I have a good friend who is starting back to exercising and asked for my help. In preparation for our next meeting, I suggested that he look up “Tabata”.
After doing a little research, he texted me a very frightened icon face and said that he thought I might be trying to kill him. Somehow a little internet education on Tabata led him to believe I was going to attempt an assassination on his life with the murder weapon being vigorous exercise.
I was not.
But, he was right. Most definitions of Tabata are a little misleading. Online you will see super-fit, muscly, people jumping up and down from metal boxes and throwing themselves through series of burpees circuits. (Still, don’t have to do these. Read why!) These articles would have you believe that any slightly out of shape person should appraise Tabata with a “scrunchy” face interpretable only as “NO. WAY.”
Tabata is not a cruel and unusual punishment. Put very simply, Tabata is a method of exercise developed by some Japanese dude. His intention was to intuit a way to give athletes an edge over their competitors. After much study, Dr. Izumi Tabata determined that a method of specific interval training boosted strength, speed, and endurance more effectively than traditional forms of exercise. So, he slapped his name on it and ran.
Tabata was born.
Dr. Izumi tested his methods on Olympic caliber athletes, and it worked, really, really well. But good news Squishy, most anyone can do Tabata and reap the same great rewards.
You do not have to fear catapulting through exercises for which you are not capable or ready.
So defined simply, Tabata is a workout of intervals comprised of intense, 20-second rounds with 10-second rest periods in between.
You can perform just about any exercise during the 20 seconds as long as it is physically taxing. It is commonly recommended that the Tabata be performed for eight rounds (give or take) depending on the athlete’s (or squishy person’s) ability. If you stick to pure Tabata style, your workout is 4 minutes. (What??- Not lying.)
However, lots of folks recommend doing back to back Tabata to comprise a 20-minute workout. (See insert examples of Tabata)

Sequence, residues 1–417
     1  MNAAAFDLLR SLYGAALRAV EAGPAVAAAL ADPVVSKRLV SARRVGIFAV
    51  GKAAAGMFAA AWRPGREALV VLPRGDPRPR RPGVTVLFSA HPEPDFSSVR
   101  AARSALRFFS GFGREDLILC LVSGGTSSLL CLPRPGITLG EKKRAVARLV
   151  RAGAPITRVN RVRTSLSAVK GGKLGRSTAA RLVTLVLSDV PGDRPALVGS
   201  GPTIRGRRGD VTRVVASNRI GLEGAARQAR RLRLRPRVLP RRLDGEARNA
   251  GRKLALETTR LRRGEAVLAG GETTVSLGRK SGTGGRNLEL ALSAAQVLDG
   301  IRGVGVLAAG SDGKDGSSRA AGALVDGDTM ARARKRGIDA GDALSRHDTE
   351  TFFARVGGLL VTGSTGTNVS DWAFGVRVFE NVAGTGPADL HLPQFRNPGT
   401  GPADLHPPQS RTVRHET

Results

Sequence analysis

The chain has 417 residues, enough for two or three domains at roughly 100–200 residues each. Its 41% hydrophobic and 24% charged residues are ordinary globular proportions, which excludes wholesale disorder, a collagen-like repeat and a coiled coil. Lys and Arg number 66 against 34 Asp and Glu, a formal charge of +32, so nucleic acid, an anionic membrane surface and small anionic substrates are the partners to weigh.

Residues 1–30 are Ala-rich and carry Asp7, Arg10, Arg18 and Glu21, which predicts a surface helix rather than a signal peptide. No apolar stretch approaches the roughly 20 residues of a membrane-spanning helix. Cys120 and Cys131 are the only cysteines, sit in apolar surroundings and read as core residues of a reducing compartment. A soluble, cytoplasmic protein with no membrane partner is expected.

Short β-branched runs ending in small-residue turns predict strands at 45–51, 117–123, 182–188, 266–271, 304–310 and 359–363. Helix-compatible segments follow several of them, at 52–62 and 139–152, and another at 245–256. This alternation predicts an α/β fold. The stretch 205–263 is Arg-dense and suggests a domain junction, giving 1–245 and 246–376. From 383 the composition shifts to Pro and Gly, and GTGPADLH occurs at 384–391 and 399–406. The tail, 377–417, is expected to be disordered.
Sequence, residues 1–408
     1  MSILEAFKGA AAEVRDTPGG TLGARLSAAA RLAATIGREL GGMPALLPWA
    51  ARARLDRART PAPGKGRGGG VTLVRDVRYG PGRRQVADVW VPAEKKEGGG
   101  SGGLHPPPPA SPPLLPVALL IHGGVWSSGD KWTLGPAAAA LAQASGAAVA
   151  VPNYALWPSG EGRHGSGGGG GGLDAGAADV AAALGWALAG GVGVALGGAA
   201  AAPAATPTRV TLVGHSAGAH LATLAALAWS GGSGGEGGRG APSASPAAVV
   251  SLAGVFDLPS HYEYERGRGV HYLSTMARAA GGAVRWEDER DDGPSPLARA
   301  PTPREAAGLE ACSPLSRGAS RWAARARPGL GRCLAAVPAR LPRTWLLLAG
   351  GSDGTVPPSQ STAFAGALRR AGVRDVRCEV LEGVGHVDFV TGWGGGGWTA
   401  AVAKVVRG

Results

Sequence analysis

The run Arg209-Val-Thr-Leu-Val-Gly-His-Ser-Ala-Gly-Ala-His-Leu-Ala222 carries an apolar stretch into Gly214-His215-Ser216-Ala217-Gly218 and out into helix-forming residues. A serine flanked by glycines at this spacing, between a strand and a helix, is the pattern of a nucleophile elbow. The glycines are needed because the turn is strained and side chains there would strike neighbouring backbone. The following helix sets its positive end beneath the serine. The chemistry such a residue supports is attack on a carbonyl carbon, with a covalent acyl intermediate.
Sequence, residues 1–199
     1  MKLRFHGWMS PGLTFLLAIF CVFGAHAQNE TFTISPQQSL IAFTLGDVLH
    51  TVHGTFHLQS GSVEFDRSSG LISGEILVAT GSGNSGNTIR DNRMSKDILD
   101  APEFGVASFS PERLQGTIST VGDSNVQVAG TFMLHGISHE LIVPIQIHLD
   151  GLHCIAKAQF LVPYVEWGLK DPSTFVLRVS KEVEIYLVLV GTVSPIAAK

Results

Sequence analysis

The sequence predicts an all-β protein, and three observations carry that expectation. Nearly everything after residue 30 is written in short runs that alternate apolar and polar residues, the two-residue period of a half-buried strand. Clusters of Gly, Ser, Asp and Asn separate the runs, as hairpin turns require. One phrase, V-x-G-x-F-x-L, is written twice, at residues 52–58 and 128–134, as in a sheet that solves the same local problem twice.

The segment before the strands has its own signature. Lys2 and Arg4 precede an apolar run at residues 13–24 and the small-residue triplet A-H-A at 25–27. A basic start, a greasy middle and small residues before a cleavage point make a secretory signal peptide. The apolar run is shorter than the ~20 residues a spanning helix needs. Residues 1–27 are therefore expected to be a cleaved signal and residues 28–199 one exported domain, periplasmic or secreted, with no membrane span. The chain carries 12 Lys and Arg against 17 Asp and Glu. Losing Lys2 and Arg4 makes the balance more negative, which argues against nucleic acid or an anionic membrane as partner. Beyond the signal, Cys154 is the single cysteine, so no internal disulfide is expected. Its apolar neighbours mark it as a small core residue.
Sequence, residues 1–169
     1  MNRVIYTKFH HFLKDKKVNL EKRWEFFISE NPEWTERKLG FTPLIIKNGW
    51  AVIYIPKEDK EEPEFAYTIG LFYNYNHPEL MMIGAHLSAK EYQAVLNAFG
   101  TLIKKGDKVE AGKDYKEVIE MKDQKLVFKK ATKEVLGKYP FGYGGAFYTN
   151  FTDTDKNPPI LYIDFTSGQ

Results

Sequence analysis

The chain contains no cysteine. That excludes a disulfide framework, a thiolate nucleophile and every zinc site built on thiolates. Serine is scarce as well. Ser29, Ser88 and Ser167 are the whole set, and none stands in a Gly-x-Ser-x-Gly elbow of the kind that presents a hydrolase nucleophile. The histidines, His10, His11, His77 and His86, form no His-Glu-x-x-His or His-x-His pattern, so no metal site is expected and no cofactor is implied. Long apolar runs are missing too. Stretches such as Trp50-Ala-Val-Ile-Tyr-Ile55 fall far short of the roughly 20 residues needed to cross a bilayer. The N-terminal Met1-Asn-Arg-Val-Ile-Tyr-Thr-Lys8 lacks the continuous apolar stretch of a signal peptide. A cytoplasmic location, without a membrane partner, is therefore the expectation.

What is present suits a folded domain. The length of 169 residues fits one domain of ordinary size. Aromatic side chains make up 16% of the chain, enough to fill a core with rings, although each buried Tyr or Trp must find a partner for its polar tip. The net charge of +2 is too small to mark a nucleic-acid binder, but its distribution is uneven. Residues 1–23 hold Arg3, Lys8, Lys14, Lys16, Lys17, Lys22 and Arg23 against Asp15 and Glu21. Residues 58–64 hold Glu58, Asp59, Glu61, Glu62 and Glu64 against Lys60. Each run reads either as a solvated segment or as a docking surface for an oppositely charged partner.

So what specific reasons can I provide to convince
you to implement Tabata into your fitness regimen?
The Five Reasons You Should Be Doing Tabata Workouts.
1) Faster Workout: Tabata workouts, because of their level of intensity, are by their very nature, shorter workouts. These speedy workouts are fantastic when you want to get maximum reward for minimal time investment. Tabatas are super to do on days when “you don’t have time” to work out!
2) Cardiovascular Improvement: Challenging the heart above and beyond the typical 30-minute steady pace on the elliptical (come on, I’ve seen you!) is going to greatly improve cardiovascular endurance and strength.
3) Weight loss: Although you are active for less time with this type of workout, Tabata training creates an “after burn” that helps burn more calories for the rest of the day. Tabata-style workouts are also extremely effective for burning fat more efficiently.
4) Muscle Strength: Explosive movements often performed during Tabata stress the muscle differently than slow, steady pace movements. Think of sprinter’s body versus a long distance runner. Who has more muscle mass? You will become stronger with a shorter workout, and in less overall time, than with traditional weight lifting or cardio workouts.
5) Mental Challenge: Want to take your mind off working out? When you are trying to beat the clock with these 20-second intervals and then begging the clock to slow down on the ten second rests your workout is over before you know it. Your brain responds positively to this type of challenge readily staying engaged during the whole workout process instead of tuning out. Trust me, you cannot check Facebook while going through a Tabata.
Yes, these workouts are likely more intense than you are used to and if you have any injuries or are severely deconditioned you should not try Tabata right out of the gate. But, many able bodies shy away from this fantastic and efficient form of exercise when they could be making significantly speedier gains toward health goals.
So in case you are not clear what a Tabata workout looks like you can see a nice simple, non-life threatening one I put myself through in a little fishing village in Nazare, Portugal. Here I used five exercises and performed each for twenty seconds with intensity. This is referred to as a “mixed-Tabata” workout. Only ten second rest periods. I also note you could add additional cardio if you wanted to (or are crazy).
MIXED TABATA IN PORTUGAL!
The next time you work out consider choosing four different exercises. I like to select an upper body, lower body, core and balance exercise for my Mixed-Tabata. Perform each exercise as rapidly as you can (safely and with proper form) for 20 seconds. Rest for ten seconds and then go to the next exercise. After completing the four exercises repeat the circuit 4-5 times. Push yourself to about 80 percent maximum output to get the most challenge and positive effects of the Tabata workout. If you want a great sampling of exercises, check out this article.
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